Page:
Study: Companies Ease Cash Balance Woes with Transition Protections

October 18, 2005 ( - Despite traditional allegations that conversions from a traditional pension to a cash balance plan might hurt older workers, a new study has concluded that such conversions are not so bad.

A news release from the AARP, the nation’s powerful lobby for issues affecting older Americans, said that its study found that more than 90% of major employers have provided transition protections for older workers when undergoing a conversion as of 2003.

The new report, conducted for AARP by researcher Daniel Beller on 2003 Department of Labor filings of the 25 largest cash balance plans, found that 23 plans (92%) offered such protections. Not only that, but the study likewise found a discernible trend among more recent cash balance conversions toward transition provisions grandfathering in participants under the old final pay formula.

Other types of transition protections include granting older workers a benefit based on the greater of the two plan formulas or, less often, supplemental pay-based credits to some or all participants in the prior plan, the study found.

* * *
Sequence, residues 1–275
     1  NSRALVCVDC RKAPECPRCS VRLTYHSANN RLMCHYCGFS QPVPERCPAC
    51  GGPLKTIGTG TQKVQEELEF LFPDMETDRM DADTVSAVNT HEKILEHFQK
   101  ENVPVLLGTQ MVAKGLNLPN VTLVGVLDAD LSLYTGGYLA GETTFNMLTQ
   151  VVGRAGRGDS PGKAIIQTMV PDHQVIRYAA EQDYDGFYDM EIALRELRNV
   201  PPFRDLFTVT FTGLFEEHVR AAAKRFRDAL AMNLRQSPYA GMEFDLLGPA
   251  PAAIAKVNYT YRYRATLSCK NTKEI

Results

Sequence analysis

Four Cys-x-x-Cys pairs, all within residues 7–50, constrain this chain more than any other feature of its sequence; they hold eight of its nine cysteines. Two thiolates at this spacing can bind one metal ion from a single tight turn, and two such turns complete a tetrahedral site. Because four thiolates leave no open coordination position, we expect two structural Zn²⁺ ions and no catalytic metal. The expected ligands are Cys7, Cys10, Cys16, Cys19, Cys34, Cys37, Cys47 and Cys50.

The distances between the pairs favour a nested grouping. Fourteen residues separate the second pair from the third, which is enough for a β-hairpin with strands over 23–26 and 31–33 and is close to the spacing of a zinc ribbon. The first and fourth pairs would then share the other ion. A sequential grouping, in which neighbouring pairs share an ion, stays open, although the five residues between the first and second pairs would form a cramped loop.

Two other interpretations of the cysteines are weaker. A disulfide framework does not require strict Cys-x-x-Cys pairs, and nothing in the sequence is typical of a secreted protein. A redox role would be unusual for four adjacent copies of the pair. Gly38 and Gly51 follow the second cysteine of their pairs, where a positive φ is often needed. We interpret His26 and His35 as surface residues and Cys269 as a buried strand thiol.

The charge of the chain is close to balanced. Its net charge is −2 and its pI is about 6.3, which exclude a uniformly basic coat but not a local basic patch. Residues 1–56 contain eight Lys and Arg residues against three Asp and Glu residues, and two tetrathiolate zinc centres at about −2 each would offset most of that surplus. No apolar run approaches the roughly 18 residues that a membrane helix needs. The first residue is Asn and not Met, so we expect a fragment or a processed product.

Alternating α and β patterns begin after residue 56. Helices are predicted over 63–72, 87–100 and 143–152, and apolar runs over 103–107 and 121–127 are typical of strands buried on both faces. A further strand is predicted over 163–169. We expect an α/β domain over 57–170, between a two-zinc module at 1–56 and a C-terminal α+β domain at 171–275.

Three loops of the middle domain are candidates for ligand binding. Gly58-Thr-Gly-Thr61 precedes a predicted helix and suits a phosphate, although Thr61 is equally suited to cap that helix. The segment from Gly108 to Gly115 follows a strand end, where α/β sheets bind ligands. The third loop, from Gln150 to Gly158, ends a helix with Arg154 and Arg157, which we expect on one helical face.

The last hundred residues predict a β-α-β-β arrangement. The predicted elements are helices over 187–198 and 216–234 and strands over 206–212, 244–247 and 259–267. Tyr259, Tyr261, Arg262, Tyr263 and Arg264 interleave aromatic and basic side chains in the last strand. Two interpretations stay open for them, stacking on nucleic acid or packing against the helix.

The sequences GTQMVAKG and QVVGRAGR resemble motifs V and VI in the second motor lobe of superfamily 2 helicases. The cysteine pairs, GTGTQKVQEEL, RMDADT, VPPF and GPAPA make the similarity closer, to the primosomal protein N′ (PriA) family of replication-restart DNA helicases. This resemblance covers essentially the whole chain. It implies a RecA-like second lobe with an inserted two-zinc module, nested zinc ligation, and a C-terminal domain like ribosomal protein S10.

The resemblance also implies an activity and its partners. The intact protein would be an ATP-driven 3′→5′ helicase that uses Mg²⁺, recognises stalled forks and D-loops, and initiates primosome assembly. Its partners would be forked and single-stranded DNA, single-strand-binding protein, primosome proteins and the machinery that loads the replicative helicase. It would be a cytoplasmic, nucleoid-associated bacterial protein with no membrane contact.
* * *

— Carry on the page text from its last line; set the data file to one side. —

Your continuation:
“These combined trends appear designed to reduce the controversy over conversions by maintaining the benefit structure that was in place for employees in the existing plan when they were hired,” the report asserted.

In discussing the report, AARP Director of Federal Affairs David Certner said: “This study shows that the large majority of employers that have converted their plans not only recognize the importance of older workers to the current and future economy, but have been able and willing to ensure protections for employees facing cash balance pension conversions.”

The new report comes as Congress is considering pension legislation that may address the cash balance conversion issue (See Latest GOP Pension Reform Bill Includes Advice ).

More information on the issue is here .